Tour gives civic leaders a peek inside the Air Force Reserve

  • Published
  • By Jim Strickland
  • Headquarters Air Force Reserve Command

Air Force Reserve Command gave community leaders with its civic leader advisory group an up-close-and-personal look at what it does in the defense of the nation during a two-day, multi-base tour the last week of April.

The seven civic leaders, including honorary commanders, gathered at Dobbins Air Reserve Base, Georgia, and flew to Air Force bases in Texas and Florida to see first-hand what Reserve Citizen Airmen do on a daily basis. Maj. Gen. Jay Jensen, special assistant to the AFRC commander, led the tour, representing Lt. Gen. Richard Scobee.

Flying the Air Force’s newest tanker, the KC-46, two Reserve aircrews from the 916th Air Refueling Wing, Seymour Johnson Air Force Base, North Carolina, flew the civic leaders from Dobbins to Naval Air Station Joint Reserve Base Fort Worth, Texas, and to Duke Field, Florida, before returning them to Dobbins.

Along the way, the civic leaders had the opportunity to see their KC-46 being refueled by another KC-46, witness their KC-46 refueling a B-52 and watch from a distance as a KC-46 refueled a pair of F-16 fighters.

At Fort Worth, Col. Allen Duckworth, commander of the Reserve’s 301st Fighter Wing, led the civic leaders on a tour of the wing’s facilities and highlighted its capabilities, showing them how his Reserve Citizen Airmen maintain and fly their F-16 Fighting Falcons. The civic leaders also had the opportunity to witness a security forces K-9 dog demonstration.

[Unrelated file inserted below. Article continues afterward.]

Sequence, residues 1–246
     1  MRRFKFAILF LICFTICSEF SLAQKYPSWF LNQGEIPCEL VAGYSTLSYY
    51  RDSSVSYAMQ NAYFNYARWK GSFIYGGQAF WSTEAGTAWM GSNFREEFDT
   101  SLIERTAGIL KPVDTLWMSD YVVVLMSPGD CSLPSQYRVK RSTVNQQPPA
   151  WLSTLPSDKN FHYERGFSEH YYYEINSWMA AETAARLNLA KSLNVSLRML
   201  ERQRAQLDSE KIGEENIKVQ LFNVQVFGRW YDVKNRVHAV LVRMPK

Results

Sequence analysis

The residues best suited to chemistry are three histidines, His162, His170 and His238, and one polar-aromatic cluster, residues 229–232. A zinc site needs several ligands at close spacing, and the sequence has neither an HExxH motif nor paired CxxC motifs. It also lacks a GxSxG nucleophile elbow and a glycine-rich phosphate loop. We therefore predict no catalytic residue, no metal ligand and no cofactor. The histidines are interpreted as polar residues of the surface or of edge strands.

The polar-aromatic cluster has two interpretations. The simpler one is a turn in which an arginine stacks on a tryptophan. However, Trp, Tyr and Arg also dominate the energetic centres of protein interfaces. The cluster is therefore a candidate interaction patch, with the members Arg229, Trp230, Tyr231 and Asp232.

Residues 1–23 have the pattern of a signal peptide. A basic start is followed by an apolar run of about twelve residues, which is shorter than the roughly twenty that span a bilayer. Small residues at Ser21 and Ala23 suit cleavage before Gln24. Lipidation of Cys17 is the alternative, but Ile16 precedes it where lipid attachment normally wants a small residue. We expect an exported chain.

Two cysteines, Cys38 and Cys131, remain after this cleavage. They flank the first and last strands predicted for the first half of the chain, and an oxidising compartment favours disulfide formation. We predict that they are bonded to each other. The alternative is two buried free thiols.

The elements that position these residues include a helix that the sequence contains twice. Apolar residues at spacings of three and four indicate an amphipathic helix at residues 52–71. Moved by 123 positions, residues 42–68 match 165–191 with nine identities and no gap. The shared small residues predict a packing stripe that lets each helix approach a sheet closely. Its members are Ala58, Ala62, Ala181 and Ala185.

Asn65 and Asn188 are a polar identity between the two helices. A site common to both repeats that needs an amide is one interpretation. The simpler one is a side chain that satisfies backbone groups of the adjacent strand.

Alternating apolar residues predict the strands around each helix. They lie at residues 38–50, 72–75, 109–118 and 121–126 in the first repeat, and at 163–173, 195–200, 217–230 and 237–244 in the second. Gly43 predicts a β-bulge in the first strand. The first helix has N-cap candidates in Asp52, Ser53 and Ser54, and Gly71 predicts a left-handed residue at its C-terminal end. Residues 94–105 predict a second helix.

At Duke Field, Col. Michael Lowe, the vice commander of the 919th Special Operations Wing, told the group about the wing’s mission and contributions around the globe.

“We are the only special operations wing in the Reserve and also the only Reserve wing in Air Force Special Operations Command, so there is a unique relationship we want to tell civic leaders about,” he said.

Reservists from the 919th Security Forces Squadron provided an overview of the MRZR all-terrain vehicle, and members from two of the 919th SOW’s flying squadrons explained their missions while providing a tour of the C-146A Wolfhound, C-208 Caravan and C-145A Skytruck aircraft.

“I never knew what Reserve members did here or that these services existed to support teams on the ground and across the world,” Larysa Kautz, president and chief executive officer of Melwood, a nonprofit providing jobs and opportunities for people with disabilities in the greater Washington, D.C. area, said. “It’s amazing how much Duke and Hurlburt Field do here, and the people are phenomenal – from the language abilities and overarching abilities to teach foreign countries how to fly and maintain aircraft is incredible.” Kautz is the honorary commander with the Reserve’s 459th ARW at Joint Base Andrews, Maryland.

After the tour, the civic leaders returned to Dobbins and then back to their communities with a better understanding of what Reserve Citizen Airmen do every day to support the nation’s defense.

“The visit was extremely informative,” said Ted Kelley, owner of Blue Sky Exhibits in Marietta, Georgia. “It was wonderful meeting all the leadership, and I was very impressed by the briefings. I have an affinity for the military.
I never served and this is my way of giving back to make sure Reserve members receive what they need.”

(Michelle Gigante from the 919th Special Operations Wing’s public affairs office, contributed to this story.)